Abdominal Compartment Syndrome and Intra-abdominal Hypertension are two sides of the same coin. While Intra-abdominal Hypertension exists when intra-abdominal pressure exceeds the normal level which is set between 20 to 25 mmHg, Abdominal compartment syndrome is said to exist when intra-abdominal hypertension is accompanied by manifestations of organ dysfunction, which dramatically reduces upon abdominal decompression. The organ systems commonly involved include the pulmonary, cardiovascular, renal, splanchnic, musculoskeletal/integumentary (abdominal wall), and the central nervous system.

Certain population groups at particular risk for Abdominal Compartment Syndrome are:

  • Severe blunt and penetrating abdominal trauma
  • Ruptured abdominal aortic aneurysms
  • Retroperitoneal haemorrhage
  • Pneumoperitoneum
  • Neoplasm
  • Pancreatitis
  • Massive ascites
  • Liver transplantation
  • Massive fluid resuscitation
  • Accumulation of blood and clot
  • Bowel oedema
  • Forced closure of a noncompliant abdominal wall
  • Circumferential abdominal burn eschars


  • Incidence among those with identifiable risk is 14%, while the incidence following primary closure after repair of ruptured abdominal aortic aneurysm was found to be 4%.
  • In the trauma population, those patients undergoing abbreviated or “Damage Control” laparotomy, particularly those  with intra-abdominal packing are at an increased risk. Interestingly, an open abdomen does not necessarily mean total absence of the risk of this syndrome.

Signs and Symptoms

  • Respiratory Failure that is characterized by impaired pulmonary compliance resulting in elevated airway pressures with progressive hypoxia and hypercapnia. High airway pressures may be needed in this scenario to overcome the high extrathoracic pressure exerted through the diaphragm and not to overcome an intrinsic lung problem. The earliest manifestations of this syndrome may be a subtle pulmonary dysfunction or an elevated peak airway pressure. Elevated hemidiaphragms with a loss of lung volume may be the only sign in an otherwise innocuous patient.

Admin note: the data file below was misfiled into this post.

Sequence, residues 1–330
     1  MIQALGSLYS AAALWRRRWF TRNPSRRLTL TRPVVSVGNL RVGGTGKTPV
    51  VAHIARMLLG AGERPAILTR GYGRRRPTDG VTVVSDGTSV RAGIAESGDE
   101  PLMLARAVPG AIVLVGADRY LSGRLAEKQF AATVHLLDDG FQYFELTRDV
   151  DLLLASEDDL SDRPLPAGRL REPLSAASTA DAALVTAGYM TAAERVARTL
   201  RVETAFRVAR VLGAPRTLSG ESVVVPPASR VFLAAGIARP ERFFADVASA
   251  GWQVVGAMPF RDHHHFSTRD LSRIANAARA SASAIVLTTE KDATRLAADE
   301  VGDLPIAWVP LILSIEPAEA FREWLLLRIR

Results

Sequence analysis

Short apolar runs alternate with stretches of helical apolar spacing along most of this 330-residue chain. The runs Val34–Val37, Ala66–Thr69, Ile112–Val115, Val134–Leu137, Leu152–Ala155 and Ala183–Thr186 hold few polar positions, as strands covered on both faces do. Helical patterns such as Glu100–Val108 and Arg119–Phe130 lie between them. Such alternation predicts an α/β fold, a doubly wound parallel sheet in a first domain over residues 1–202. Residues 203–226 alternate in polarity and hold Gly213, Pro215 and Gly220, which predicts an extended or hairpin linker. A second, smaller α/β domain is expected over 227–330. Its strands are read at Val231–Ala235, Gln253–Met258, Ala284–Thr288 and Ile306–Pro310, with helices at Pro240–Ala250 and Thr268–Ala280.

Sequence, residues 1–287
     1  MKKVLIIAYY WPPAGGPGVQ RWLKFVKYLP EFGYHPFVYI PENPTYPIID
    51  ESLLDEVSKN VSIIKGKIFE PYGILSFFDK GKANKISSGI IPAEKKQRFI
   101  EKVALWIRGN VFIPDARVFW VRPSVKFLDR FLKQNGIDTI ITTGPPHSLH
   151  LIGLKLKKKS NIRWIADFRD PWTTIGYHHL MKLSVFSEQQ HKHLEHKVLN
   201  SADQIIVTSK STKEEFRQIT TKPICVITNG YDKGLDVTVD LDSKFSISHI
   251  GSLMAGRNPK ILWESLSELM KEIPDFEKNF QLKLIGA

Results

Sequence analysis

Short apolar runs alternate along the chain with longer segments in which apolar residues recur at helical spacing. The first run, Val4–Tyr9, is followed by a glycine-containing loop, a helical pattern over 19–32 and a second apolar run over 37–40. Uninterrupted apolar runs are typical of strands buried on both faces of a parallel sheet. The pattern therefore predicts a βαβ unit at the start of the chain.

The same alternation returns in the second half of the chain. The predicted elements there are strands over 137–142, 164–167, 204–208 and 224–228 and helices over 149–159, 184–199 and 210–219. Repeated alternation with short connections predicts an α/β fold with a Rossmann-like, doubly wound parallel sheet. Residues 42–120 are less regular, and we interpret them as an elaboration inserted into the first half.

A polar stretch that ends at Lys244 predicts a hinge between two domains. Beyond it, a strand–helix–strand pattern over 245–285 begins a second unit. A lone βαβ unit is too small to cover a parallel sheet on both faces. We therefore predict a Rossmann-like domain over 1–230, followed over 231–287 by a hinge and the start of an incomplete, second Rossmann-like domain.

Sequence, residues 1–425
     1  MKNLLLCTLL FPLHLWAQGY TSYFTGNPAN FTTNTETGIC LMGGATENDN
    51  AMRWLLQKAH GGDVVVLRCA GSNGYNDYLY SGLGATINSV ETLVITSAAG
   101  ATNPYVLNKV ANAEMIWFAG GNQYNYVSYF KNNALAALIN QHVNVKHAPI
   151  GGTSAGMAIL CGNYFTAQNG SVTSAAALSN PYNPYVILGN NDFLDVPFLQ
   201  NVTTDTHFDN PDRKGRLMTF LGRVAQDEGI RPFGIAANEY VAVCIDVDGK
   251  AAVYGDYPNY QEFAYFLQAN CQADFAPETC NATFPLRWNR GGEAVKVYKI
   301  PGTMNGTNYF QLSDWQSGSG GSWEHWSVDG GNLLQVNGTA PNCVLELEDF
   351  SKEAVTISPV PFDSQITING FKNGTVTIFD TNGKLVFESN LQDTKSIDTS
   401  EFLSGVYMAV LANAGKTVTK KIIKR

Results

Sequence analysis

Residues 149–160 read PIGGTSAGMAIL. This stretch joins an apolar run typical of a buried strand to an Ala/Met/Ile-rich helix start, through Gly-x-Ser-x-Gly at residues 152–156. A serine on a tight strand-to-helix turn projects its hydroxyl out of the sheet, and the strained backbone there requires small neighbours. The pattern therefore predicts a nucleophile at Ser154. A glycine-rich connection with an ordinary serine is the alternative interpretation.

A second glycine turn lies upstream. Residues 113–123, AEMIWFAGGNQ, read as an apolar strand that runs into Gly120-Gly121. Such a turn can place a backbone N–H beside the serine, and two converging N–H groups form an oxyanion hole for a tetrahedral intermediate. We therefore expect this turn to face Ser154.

• Haemodynamic Indicators: Elevated heart rate, hypotension, elevated pulmonary artery wedge pressure and central venous pressure, reduced cardiac output, and elevated systemic and pulmonary vascular resistance. A decreased venous return is central to the pathophysiology of abdominal compartment syndrome.
  • Renal function impairment is manifested as oliguria progressing to anuria with resultant azotemia. It is only partly reversible by fluid resuscitation.
  • Raised intracranial pressure is also another clinical manifestation.

How to Clinically Confirm a Diagnosis of Abdominal Compartment Syndrome

Intra-abdominal Hypertension is present when intra-abdominal pressure exceeds 20 mmHg

  • Direct measurement of intra-abdominal pressure by means of an intraperitoneal catheter
  • Bedside measurement can be achieved by transduction of pressures from indwelling femoral vein, rectal, gastric, and urinary bladder catheters. Of these, measurement of urinary bladder pressure and gastric pressures are the most common and easily accessible.
  • Intragastric pressure measurements are taken from an indwelling nasogastric tube. This varies within 2.5 cm H2O or 1.84 mmHg (conversion factor 1 cm H2O = 0.736 mmHg) of urinary bladder pressures.

In 1984, Kron et al. described  a method to measure intra-abdominal pressure at the bedside with the use of an indwelling Foley Catheter as follows:

  • Sterile water (50 to 100 ml) is injected into the empty bladder through the indwelling Foley catheter.
  • The sterile tubing of the urinary drainage bag is clamped just distal to the culture aspiration port.
  • The end of the drainage bag tubing is connected to the Foley catheter.
  • The clamp is released just enough to allow the tubing proximal to the clamp to drain fluid from the bladder, then reapplied.
  • A 16-gauge needle is then used to Y-connect a manometer or pressure transducer through the culture aspiration port of the tubing of the drainage bag.
  • Finally, the top of the symphysis pubic bone is used as the zero point with the patient supine.

A Viable Conclusion

Abdominal Compartment Syndrome is best prevented and any existing predisposing factor is looked into and prevented if possible. It is an important component in the critically ill patients and those with blunt abdominal trauma. One must remember that renal failure due to abdominal compartment syndrome does not respond to fluid resuscitation and should trigger us to consider it in the differential diagnosis. It is imperative that the clinician remains alert to this silent but lurking danger that is Abdominal Compartment Syndrome.

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